You have a choice of environments in which to integrate with Acrobat: Visual Basic, Visual C#, and Visual C++. If possible, use Visual Basic or Visual C#. The run-time type checking offered by the CreateObject call in Visual Basic allows quick prototyping of an application, and in both of these languages the implementation details are simplified. For comparison, consider the following examples, in which you can see strings with "AcroExch.App" and strings with "Acrobat.CAcroApp". The first is the form for the external string used by OLE clients to create an object of that type. The second is the form that is included in developer type libraries. This example shows a Visual Basic subroutine to view a given page of an open document:

Example 2.1

Viewing a page with Visual Basic

Private Sub myGoto(ByVal where As Integer) Dim app as Object, avdoc as Object, pageview as Object Set app = CreateObject("AcroExch.App") Set avdoc = app.GetActiveDoc Set pageview = avdoc.GetAVPageView pageview.Goto(where) End Sub

The following example does the same, but in Visual C++:

Example 2.2

Viewing a page with Visual C++

void goto(int where) { CAcroApp app; CAcroAVDoc *avdoc = new CAcroAVDoc; CAcroAVPageView pageview; COleException e; app.CreateDispatch("AcroExch.App"); avdoc->AttachDispatch(app.GetActiveDoc, TRUE); pageview->AttachDispatch(avdoc->GetAVPageView, TRUE); pageview->Goto(where); }

The next example shows how to use PDF browser controls to view a page in Visual Basic:

Adobe Acrobat SDK

Developing Applications Using Interapplication Communication

Using OLE

Environment configuration 14

Example 2.3

Using AcroPDF browser controls with Visual Basic

Friend WithEvents AxAcroPDF1 As AxAcroPDFLib.AxAcroPDF Me.AxAcroPDF1 = New AxAcroPDFLib.AxAcroPDF 'AxAcroPDF1 Me.AxAcroPDF1.Enabled = True Me.AxAcroPDF1.Location = New System.Drawing.Point(24, 40) Me.AxAcroPDF1.Name = "AxAcroPDF1" Me.AxAcroPDF1.OcxState = CType( resources.GetObject("AxAcroPDF1.OcxState"), System.Windows.Forms.AxHost.State ) Me.AxAcroPDF1.Size = New System.Drawing.Size(584, 600) Me.AxAcroPDF1.TabIndex = 0 AxAcroPDF1.LoadFile("http://www.example.com/example.pdf") AxAcroPDF1.setCurrentPage(TextBox2.Text)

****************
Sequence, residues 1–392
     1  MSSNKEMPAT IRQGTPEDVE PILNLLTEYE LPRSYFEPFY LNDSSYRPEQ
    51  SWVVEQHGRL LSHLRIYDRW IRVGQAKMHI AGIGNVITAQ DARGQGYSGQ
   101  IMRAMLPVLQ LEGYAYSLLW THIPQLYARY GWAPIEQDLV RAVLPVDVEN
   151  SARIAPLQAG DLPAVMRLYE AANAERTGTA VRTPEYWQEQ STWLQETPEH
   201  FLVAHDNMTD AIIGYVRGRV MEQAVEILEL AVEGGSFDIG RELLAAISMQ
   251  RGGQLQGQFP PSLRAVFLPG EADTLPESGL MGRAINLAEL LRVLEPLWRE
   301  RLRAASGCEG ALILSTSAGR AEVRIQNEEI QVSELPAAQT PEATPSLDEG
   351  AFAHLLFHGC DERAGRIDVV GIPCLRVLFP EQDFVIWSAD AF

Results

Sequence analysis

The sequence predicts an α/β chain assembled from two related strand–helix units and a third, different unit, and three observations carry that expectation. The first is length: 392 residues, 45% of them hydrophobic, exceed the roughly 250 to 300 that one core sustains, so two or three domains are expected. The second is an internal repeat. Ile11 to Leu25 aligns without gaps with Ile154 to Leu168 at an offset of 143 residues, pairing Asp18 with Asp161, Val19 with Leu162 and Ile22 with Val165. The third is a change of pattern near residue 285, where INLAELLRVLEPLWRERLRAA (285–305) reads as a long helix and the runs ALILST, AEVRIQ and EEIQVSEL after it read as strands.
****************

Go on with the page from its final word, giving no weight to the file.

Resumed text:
The Visual Basic examples are simpler to read, write, and support, and the implementation details are similar to Visual C#. In Visual C++, the CAcro classes hide much of the type checking that must be done. Using OLE automation objects in Visual C++ requires an understanding of the AttachDispatch and CreateDispatch methods of the COleDispatchDriver class. For more information, see "Using the Acrobat OLE interfaces" on page 16. Note: The header files containing the values of constants that are required by C and C++ programmers to use OLE automation are located in the Acrobat SDK IAC directory. Visual Basic and Visual C# users do not need these header files, though it may be useful to refer to them in order to verify the constant definitions.

Environment configuration

The only requirement for using the OLE objects made available by Acrobat is to have the product installed on your system and the appropriate type library file included in the project references for your project. The Acrobat type library file is named Acrobat.tlb. This file is included in the InterAppCommunicationSupport\Headers folder in the SDK. Once you have the type library file included in your project, you can use the object browser to browse the OLE objects. It is not sufficient to install just an ActiveX control or DLL to enable OLE automation. You must have the full Acrobat product installed. If you are a Visual Basic programmer, it is helpful to include the iac.bas module in your project (included in the headers folder). This module defines the constant variables.

Adobe Acrobat SDK

Developing Applications Using Interapplication Communication

Using OLE

Necessary C knowledge 15

Necessary C knowledge

This guide and the Interapplication Communication API Reference describe the available objects and methods. These documents, as well as the API, were designed with C programming in mind and programming with the API requires some familiarity with C concepts. Although you do not need the header files provided in the SDK, you can use them to find the values of various constants, such as AV_DOC_VIEW, that are referenced in the documentation. The file iac.h contains most of these values. Some of the methods, such as OpenInWindowEx, can be initially confusing when used in Visual Basic. OpenInWindowEx takes a long for the openflags parameter. The options for this parameter, as provided in the Interapplication Communication API Reference, are:

AV_EXTERNAL_VIEW -- Open the document with the toolbar visible. AV_DOC_VIEW -- Draw the page pane and scrollbars. AV_PAGE_VIEW -- Draw only the page pane.

If you were developing in C, these strings would be replaced by a numeric value prior to compilation; passing these strings to the method would not raise an error. When programming in Visual Basic, these strings correspond to constant variables defined in iac.bas. In some situations, you need to apply a bitwise OR to multiple values and pass the resultant value to a method. For example, in iac.h the ntype parameter of the PDDocSave method is a bitwise OR of the following flags: